Thursday, 12 April 2007

Theology in the second person

Over at Disruptive Grace, Chris gives some autobiographical insight into the potential pitfalls of theological study: “My theological language has changed subtly from the second person to the third person over the years. As my love for theology has grown, my conversation with God has ceased.” And a recent post at Subversive Christianity (an excellent new blog) makes the same point: “Theology becomes theory. Theology becomes systematic…. Theology becomes comprehensive. Theology, if one isn’t real careful, becomes God-in-a-Box.”

As Schleiermacher tirelessly emphasised, the faith of the theologian is simply ordinary, everyday faith: and it’s this everyday faith that makes theology possible (and interesting) at all. To turn theology into a substitute for faith would be like buying a set of these sheets: it might look like the real thing, but in the morning you’ll still wake up alone.

Although it’s necessary to practise theology in the third person – theology as academic reflection – we shouldn’t forget that theology is always most at home when it takes the form of second-person address. In the best theological work ever written – Augustine’s Confessions – theological reflection becomes indistinguishable from prayer; talk about God merges with talk to God.

This, then, is theology in its most basic and most characteristic form: “Late have I loved you, O beauty so ancient and so new – late have I loved you! For you were within, and I was abroad; and there I searched for you, and tried to fill my heart with those lovely forms that you had made…. You called, cried out, and shattered my deafness. You flashed, shone, and scattered my blindness. You breathed your perfume, and I drew breath, and now I pant for you. I tasted, and I hunger and thirst. You touched me, and I burn for your peace.” (Confessions, 10.27.38)

15 Comments:

Chris T. said...

I definitely experienced this, too, and I don't think I've fully recovered. But praying the Office has been a big part of my recovery. It seems to me theologians and clergy in particular need a really rich form of frequent, daily prayer to ground our theology in more than just the books we're reading.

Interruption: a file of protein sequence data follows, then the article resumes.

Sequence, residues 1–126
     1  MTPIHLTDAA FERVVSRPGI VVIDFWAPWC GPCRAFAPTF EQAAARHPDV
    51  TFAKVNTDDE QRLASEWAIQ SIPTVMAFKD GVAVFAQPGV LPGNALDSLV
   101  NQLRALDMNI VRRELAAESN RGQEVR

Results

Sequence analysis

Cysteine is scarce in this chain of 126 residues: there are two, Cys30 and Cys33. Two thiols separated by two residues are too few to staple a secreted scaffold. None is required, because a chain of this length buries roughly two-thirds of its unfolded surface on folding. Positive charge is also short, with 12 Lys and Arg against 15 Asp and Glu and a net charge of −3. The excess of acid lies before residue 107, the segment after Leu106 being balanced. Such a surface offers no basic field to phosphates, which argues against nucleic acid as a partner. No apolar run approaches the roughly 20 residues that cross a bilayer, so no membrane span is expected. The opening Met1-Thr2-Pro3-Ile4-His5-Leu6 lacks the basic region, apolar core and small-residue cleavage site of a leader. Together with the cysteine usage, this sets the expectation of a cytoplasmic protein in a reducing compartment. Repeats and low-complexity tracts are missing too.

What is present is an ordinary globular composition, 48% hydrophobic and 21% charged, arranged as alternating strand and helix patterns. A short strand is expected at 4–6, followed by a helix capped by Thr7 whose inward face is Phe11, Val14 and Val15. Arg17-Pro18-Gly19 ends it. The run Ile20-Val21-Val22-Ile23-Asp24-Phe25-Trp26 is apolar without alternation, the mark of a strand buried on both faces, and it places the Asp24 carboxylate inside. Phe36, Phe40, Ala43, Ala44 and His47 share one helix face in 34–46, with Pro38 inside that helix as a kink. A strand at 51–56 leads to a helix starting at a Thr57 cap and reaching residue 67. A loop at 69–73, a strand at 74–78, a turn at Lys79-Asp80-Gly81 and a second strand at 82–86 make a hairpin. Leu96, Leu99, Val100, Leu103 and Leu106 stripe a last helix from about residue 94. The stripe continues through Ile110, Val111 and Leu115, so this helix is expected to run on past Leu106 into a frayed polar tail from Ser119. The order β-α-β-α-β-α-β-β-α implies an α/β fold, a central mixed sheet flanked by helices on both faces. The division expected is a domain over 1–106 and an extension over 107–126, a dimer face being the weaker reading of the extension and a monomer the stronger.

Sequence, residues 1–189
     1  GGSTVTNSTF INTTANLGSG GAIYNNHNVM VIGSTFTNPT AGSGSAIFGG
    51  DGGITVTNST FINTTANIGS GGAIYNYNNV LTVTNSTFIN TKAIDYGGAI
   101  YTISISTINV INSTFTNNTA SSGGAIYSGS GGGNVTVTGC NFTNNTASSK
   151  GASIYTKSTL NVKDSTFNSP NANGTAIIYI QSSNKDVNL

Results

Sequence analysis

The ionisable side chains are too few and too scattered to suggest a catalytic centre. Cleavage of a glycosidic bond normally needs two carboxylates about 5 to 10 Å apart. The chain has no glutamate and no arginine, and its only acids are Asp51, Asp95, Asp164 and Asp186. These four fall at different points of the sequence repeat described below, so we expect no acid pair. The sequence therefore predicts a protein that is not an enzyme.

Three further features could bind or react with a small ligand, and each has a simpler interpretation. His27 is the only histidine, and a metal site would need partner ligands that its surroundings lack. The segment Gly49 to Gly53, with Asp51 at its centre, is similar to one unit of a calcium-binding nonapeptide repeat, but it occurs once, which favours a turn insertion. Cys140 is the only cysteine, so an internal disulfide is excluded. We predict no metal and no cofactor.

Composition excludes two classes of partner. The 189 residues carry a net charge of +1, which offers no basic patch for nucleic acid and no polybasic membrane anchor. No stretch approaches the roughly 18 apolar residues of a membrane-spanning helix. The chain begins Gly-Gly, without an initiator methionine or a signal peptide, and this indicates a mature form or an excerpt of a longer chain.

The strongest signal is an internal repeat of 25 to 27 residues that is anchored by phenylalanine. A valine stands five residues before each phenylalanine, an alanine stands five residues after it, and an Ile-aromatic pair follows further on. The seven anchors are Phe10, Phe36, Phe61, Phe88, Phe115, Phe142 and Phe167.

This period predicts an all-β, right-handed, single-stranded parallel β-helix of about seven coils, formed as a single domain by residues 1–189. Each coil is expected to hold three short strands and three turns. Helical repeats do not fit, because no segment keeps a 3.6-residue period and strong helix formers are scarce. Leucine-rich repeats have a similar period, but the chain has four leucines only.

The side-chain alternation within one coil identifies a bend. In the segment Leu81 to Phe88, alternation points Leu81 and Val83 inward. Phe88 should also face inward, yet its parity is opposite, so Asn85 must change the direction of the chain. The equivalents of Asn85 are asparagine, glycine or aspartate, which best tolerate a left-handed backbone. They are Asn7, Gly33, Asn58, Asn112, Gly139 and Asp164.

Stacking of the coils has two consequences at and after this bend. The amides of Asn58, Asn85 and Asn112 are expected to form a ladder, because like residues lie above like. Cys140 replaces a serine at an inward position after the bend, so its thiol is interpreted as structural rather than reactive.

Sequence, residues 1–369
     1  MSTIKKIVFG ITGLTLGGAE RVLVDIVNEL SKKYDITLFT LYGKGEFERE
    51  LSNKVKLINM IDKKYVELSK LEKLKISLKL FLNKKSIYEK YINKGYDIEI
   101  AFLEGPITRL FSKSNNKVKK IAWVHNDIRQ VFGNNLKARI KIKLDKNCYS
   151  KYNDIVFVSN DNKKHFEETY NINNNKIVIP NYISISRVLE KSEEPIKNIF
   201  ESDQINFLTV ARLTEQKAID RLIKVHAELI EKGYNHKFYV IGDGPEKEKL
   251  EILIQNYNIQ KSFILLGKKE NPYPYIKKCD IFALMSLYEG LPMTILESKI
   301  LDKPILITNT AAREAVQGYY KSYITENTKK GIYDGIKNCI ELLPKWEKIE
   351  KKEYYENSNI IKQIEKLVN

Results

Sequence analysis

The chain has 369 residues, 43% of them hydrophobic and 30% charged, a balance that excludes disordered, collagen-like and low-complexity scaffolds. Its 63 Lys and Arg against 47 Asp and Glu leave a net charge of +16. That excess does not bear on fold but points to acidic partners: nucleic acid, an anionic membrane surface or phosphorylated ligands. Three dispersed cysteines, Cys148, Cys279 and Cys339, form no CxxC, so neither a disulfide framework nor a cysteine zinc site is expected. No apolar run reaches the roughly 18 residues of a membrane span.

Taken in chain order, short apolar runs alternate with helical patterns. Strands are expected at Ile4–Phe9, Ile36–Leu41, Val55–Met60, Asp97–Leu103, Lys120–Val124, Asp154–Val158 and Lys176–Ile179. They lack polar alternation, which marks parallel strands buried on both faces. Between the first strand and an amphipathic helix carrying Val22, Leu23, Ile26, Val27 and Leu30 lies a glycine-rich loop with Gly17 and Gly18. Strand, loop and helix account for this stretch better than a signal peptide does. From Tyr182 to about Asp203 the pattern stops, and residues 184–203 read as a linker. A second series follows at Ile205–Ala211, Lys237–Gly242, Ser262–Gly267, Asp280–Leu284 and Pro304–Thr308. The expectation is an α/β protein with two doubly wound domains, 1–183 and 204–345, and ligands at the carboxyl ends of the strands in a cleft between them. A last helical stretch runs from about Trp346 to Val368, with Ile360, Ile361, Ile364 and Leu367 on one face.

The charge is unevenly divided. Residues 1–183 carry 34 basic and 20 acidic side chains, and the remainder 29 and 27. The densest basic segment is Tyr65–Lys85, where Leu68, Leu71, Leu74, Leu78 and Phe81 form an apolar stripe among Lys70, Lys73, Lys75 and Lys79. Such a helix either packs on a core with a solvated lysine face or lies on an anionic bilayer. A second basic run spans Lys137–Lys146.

David Sky said...

Thanks for that. I'm hoping that my new blog will be a kind of Augustine's Confessions for the 21st century. Cheers for the encouragement.

Erin said...

I think this is very true. I wonder if so much of the tilt for burgeoning theologians towards losing faith is a result of this as much as any philosophical argumentation. When God becomes practically and experientially only and object, my tank certainly runs dry. I think the same can be true of pastors and their congregations, as well.

Anonymous said...

I agree, Erin. I doubt that many people have ever lost their faith as a result of philosophical argumentation. In most cases, faith just fades away imperceptibly, until one day you realize it's gone. And then the philosophical arguments are brought in.

Chris TerryNelson said...

Thanks for putting this up, Ben, and for all your comments. I think saying that my conversation with God has "ceased" was a bit too strong. In talking with George Hunsinger about this, he reminded me that "faith seeking understanding" is a valid mode of faith. I just wonder if it's healthy to remain ONLY in this mode, which I seemed to have fallen into. Faith should be confidence (Luther) as well. I just find it all too convenient and a form of cheap grace to think objectively about God-for-us. The mental-state of theological inquiry remains objective, no matter how wonderful and beautiful its subject matter might be.

How do we avoid pietism and overemphasis on subjectivity without falling into intellectualism?

On that note, I'm off to the Daily Office. ;-)

~CTN

Looney said...

Back when y'all were discussing favorite theologians, I was about to suggest Fanny Crosby, for the reasons cited in the post.

kim fabricius said...